Today is my birthday. My birthday isn’t something that we talk a lot about publicly, because it happens to also be the day that my brother passed away…eight years ago in fact.
Grant was boisterous, funny, and sarcastic, with a “life of the party” personality, and the kind of smile that lit up his eyes with a fire from within. But underneath the bravado, he had a lot of demons, and suffered from bi-polar disorder as well extreme social anxiety.
Grant starting using drugs and alcohol to medicate himself when he was in high school. And by the age of 24, he’d been an addict for nearly a decade. He had already survived several overdoses, a coma, and some significant brain damage before the overdose that ultimately took his life in the very early hours of February 18th.
There is a lot to say about Grant, his life, and how his death changed me, my family, and ultimately brought me to the incredible place of being able to pursue music full time….there are even ways in which his story brought me to my record deal. But I’m going to leave all of that for another day.
It’s strange, but days that are marked by tragedy and loss are sort of fixed in your memory. I have some incredibly vivid memories of the day he died, and the days that followed.
I remember my mom calling me with the news 7:30 that morning, thinking she was calling to wish me happy birthday first thing, like she always does, like she did today. I remember the mile drive from my house to my parents’ house, and coming up over a small hill in time to see ambulance lights and police cars turning into our driveway. I remember brushing my teeth that night and thinking how bizarre it was to be doing something so normal and so mundane when my brother had just died. I remember these little purple crocus-like flowers that bloomed in my parents’ front yard despite the severe cold. I had never noticed them in all the years they had lived there. And there they were, scattered all over the front yard, like a little purple army of wildflowers had popped up out of the hard frozen grown in celebration of Grant’s life. I remember standing at the funeral with my hands in the pockets of my blue overcoat, and holding onto my great-grandmother’s handkerchief. That handkerchief is still in the pocket of that blue coat.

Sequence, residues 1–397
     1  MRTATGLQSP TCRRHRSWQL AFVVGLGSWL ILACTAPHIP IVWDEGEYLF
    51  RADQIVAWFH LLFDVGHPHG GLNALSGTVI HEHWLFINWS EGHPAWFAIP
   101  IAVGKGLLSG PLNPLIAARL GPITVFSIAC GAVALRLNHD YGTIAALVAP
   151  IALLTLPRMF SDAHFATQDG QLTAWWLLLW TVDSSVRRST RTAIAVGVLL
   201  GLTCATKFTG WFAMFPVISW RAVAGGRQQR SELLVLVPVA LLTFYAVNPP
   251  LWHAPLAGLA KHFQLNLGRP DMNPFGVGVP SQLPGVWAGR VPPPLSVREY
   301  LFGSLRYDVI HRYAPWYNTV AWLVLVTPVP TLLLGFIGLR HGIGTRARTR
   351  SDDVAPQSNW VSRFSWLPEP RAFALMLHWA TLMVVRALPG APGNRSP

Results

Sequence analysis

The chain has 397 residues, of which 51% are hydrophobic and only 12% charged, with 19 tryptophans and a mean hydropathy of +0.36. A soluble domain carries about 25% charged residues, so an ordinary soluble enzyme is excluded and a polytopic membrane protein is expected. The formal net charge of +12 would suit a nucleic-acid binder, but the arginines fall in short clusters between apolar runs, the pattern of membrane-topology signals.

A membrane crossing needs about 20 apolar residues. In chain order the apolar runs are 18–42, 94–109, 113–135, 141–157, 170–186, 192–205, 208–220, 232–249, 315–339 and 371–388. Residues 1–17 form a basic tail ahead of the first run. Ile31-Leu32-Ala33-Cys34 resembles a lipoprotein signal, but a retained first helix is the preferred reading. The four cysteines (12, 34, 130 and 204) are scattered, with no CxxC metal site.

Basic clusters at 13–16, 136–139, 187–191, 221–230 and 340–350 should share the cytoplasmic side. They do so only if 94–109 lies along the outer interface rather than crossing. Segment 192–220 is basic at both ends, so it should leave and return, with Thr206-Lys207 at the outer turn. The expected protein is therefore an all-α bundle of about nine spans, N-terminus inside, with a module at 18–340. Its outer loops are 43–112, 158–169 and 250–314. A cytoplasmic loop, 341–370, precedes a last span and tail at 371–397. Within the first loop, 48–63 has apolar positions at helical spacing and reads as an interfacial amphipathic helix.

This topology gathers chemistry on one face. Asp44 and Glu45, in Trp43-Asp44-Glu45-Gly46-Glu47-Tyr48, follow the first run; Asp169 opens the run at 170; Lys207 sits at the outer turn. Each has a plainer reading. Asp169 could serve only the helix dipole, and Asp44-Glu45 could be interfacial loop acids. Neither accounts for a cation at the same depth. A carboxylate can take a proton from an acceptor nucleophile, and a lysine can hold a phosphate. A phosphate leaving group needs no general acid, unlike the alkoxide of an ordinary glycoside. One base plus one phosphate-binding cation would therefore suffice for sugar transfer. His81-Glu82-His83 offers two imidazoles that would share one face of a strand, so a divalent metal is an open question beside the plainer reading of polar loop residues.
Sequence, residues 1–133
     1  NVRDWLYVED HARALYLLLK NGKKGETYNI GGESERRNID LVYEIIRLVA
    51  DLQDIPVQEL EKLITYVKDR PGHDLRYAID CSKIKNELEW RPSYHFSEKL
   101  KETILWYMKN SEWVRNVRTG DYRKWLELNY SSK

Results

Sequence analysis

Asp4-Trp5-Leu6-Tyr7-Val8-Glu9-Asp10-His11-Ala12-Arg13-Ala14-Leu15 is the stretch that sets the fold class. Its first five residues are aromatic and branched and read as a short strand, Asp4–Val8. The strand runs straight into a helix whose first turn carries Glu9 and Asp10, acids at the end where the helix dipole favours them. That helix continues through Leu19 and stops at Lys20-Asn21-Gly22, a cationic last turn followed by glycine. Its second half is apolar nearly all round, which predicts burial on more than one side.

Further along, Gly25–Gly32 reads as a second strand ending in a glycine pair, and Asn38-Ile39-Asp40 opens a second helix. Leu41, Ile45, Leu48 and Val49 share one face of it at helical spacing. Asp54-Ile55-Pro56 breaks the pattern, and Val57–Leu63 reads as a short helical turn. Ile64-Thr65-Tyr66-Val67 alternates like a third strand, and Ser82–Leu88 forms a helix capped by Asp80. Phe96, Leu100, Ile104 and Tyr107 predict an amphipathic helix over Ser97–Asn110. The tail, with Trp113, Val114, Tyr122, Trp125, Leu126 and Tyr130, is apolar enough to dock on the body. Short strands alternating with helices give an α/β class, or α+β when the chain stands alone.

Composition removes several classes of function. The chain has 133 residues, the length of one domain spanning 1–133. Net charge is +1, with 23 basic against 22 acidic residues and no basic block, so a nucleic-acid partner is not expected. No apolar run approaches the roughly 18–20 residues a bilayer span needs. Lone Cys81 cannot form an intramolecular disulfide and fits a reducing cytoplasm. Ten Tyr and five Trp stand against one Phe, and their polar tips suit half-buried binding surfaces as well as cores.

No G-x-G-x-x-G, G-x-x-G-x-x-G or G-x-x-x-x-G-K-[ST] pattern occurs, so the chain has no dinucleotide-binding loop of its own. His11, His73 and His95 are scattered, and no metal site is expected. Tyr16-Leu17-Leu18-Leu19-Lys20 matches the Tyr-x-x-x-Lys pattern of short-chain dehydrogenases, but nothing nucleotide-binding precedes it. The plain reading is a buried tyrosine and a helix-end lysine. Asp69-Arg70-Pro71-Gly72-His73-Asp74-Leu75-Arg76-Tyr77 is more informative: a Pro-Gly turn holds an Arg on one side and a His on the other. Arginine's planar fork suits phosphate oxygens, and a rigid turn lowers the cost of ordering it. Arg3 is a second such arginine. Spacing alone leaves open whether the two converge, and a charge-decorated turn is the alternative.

Experiencing loss is a terrible terrible thing. But it is a universal thing. And from where I’m sitting today, I believe that it is a great privilege to have tasted tragedy and heartache. You would never choose it for yourself, but there is nothing like it to refocus your heart and your life. There is nothing like it to inspire you to not be afraid of doing the things that scare you, and there is nothing like it to prepare you to love and care for others who are suffering.
Months after Grant’s death, I was flipping through my mother’s calendar, which she kept on the kitchen counter. Something made me turn to February. On the 18th was written in pen “Kelleigh Bday” which she’d probably written on the calendar the very day she got it, with all the other yearly events specific to our family. In pencil under that was written, “Grant to Glory.” Her way of saying goodbye. Those two events will always be intertwined.
I don’t know what to make of the timing. I don’t really even know what I’m “supposed” to do with my birthday now…even eight years later. But I do know that life is mysterious and that it gives us gifts in the most unexpected ways. And we don’t know the end of the story. Much love to you and yours today. Thank you for reading. XO